As one of the many transplanted New Yorkers living in South Florida, and a resurgent baseball fan, my experience this past Wednesday March 8th , where I had the privilege of witnessing the national team of Israel play the Miami Marlins at Roger Dean Stadium in Jupiter, was a highly notable one.
I had the good fortune a few weeks back of meeting a high ranking executive for the Marlins. When I shared with him my strong connection to Israel and my observance of Judaism, he proceeded to inform me of the upcoming matchup. Although I consider myself a pretty big Mets fan, the executive made me realize how far I had fallen as a baseball fan when I asked him who Jazz was. Jazz Chisholm, a Marlins star player who is on the cover of the video game, MLB The Show 23, is an exciting and talented young player. I just didn’t know it yet. The exec was kind enough to contact me the next day and ask me if I was interested in going to the Marlins vs. Israel game. The following day I had 2 tickets waiting for me in my Inbox.
I decided to take my brother Leo to the game. Having once been a member of the Israel Defense Forces and someone who had lived in Israel for a number of years, I knew he would enjoy the game and the experience as much as I would. The fun started as soon as we arrived in town. Shoutout to the city of Jupiter. It may well be the only highly affluent city I’ve even been in where you can actually find something for free. Within a matter of minutes we managed to find 2 things for free. First, the parking was free. Then, as we were on the way out, a golf cart approached us and offered us a free ride to the ballpark, paid for by the stadium itself. After briefly walking through the neighboring streets, we decided to go into the stadium where the Kosher food truck allowed us the opportunity to eat a meal meeting our dietary requirements.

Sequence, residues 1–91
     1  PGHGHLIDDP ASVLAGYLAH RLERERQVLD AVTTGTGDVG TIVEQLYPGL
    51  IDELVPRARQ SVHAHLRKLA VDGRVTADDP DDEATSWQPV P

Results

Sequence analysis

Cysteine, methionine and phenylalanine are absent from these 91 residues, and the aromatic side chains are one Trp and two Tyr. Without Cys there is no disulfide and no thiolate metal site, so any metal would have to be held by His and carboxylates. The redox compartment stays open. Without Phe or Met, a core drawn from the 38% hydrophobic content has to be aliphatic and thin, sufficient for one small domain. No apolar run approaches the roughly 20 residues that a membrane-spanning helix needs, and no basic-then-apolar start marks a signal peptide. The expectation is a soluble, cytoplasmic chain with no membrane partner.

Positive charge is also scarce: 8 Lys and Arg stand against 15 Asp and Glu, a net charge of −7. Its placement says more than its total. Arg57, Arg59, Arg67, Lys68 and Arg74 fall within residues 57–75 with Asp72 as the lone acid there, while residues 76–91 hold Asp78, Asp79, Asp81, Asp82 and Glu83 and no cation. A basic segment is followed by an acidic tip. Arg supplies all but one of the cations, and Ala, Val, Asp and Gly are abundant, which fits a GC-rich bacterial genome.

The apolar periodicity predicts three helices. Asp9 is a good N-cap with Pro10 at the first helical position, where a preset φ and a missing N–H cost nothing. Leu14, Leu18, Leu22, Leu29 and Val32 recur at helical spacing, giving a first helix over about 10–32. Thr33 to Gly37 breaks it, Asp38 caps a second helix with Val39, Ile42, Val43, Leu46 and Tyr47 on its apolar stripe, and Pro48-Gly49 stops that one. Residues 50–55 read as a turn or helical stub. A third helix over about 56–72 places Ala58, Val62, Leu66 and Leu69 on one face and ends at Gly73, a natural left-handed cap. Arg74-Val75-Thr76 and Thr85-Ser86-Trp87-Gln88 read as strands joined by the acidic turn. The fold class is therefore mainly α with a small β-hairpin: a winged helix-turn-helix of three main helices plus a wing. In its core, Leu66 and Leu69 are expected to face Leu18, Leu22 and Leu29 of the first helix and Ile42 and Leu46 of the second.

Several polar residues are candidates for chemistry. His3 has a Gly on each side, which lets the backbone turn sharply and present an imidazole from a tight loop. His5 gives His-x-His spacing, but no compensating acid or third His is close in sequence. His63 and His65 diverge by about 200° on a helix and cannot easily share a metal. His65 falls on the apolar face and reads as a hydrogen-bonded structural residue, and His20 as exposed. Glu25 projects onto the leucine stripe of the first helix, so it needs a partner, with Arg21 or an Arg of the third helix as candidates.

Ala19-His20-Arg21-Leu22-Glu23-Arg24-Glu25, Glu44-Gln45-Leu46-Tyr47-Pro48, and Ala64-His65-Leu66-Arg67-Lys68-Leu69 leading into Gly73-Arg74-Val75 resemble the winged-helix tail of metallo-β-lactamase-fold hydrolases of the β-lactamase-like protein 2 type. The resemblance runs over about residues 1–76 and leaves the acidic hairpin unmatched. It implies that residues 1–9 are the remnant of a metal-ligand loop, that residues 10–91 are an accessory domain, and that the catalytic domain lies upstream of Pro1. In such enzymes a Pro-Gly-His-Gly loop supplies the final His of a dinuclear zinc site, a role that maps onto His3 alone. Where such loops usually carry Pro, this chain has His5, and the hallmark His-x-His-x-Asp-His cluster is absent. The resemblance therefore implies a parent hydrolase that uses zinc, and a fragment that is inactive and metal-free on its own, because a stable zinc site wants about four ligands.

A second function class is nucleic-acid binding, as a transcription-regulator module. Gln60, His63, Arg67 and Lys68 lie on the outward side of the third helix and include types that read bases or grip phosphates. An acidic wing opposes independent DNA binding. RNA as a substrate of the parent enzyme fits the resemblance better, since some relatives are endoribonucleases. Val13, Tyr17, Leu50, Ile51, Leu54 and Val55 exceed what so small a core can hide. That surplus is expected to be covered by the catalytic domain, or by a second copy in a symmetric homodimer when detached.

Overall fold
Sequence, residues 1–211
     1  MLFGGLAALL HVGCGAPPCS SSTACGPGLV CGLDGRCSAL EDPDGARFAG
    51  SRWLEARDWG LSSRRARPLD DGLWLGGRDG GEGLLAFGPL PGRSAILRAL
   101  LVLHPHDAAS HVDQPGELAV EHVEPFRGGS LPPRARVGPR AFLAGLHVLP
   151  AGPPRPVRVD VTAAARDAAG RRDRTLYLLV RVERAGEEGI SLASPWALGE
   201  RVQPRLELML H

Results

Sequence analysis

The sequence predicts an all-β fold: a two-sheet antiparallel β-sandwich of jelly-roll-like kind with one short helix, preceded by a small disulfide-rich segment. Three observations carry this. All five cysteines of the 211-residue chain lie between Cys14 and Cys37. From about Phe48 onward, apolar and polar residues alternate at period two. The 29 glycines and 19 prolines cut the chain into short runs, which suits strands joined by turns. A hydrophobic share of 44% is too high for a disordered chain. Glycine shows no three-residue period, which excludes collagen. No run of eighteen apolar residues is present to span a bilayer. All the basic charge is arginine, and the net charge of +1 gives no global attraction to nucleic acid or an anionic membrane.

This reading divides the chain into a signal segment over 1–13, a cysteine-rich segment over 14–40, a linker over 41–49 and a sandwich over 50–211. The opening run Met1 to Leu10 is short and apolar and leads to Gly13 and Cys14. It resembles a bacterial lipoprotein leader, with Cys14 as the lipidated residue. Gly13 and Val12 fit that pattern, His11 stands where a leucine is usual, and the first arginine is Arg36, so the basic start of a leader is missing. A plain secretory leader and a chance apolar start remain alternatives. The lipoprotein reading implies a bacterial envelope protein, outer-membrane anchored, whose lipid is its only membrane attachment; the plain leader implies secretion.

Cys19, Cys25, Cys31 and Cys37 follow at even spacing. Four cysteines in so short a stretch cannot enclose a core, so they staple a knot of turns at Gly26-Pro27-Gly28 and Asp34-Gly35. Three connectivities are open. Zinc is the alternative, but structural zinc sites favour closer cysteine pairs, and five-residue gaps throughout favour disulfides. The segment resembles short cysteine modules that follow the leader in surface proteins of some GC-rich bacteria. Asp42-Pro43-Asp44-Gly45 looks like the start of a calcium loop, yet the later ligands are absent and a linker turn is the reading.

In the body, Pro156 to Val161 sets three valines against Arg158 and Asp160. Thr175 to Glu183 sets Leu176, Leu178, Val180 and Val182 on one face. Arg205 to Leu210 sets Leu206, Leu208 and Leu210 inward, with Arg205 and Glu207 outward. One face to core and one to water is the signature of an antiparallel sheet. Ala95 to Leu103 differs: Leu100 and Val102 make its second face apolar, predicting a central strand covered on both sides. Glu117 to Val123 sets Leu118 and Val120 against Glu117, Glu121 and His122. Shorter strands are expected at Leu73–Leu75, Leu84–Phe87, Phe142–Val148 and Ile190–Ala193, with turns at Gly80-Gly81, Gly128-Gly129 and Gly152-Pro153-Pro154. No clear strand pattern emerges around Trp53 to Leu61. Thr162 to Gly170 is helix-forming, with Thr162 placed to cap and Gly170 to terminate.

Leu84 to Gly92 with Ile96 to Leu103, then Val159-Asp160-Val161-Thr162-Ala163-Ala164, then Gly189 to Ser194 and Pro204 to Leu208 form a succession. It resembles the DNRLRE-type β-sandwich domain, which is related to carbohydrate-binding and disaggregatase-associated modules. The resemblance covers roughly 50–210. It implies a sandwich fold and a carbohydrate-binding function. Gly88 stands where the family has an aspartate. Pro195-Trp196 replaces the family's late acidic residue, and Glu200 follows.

Our seats were perfect. Sitting slightly on the 3rd base side of home plate, I have never been more qualified to call whether a lefty hitter went around on a swing or not. After a group of adorable kids sang both Israel’s and America’s national anthems, the game was on.
The atmosphere was relaxed and fun. Knowing that neither team was playing a game that counted, our expectations were not high. Nevertheless, it was evident that these were players on, or close to the highest level the game had to offer. Particularly on the Marlins side. I got to see Jazz bat and get on base with a bunt his first time up, displaying fundamental skills and speed.
While Leo and I went there cheering on Team Israel, within a few innings we had 2 specific players for whom we had developed a vested interest. One was a player on the Marlins roster who is vying for a spot on the big team roster. His wife was sitting on our row with their 2 young children. And the other was a player on Team Israel, whose girlfriend came along an inning or 2 later. Throughout the game we would learn more about what it was like to be minor league journeyman and the family sharing the journey. We would also learn facts about playing for Team Israel that just made the evening more enjoyable.
What surprised me more than anything was how I felt the following day. I am a Met fan, and likely will be one for my remaining time on this earth, but thanks to the kindness of the executive I met a few weeks ago, I now feel like I have a relationship with a new team. It has always been my thought, one that I took from people older and smarter than me, that more than in any other sport, when it comes to baseball, you support the home team. So from this moment on, as I am now a resident of South Florida, with the exception of when they play against the New York Mets, I will be pulling for the Miami Marlins. While I think I got the tickets purely as a kind gesture, kind gestures add up, and so does a fan base. Lets Go Marlins (except against the Mets).
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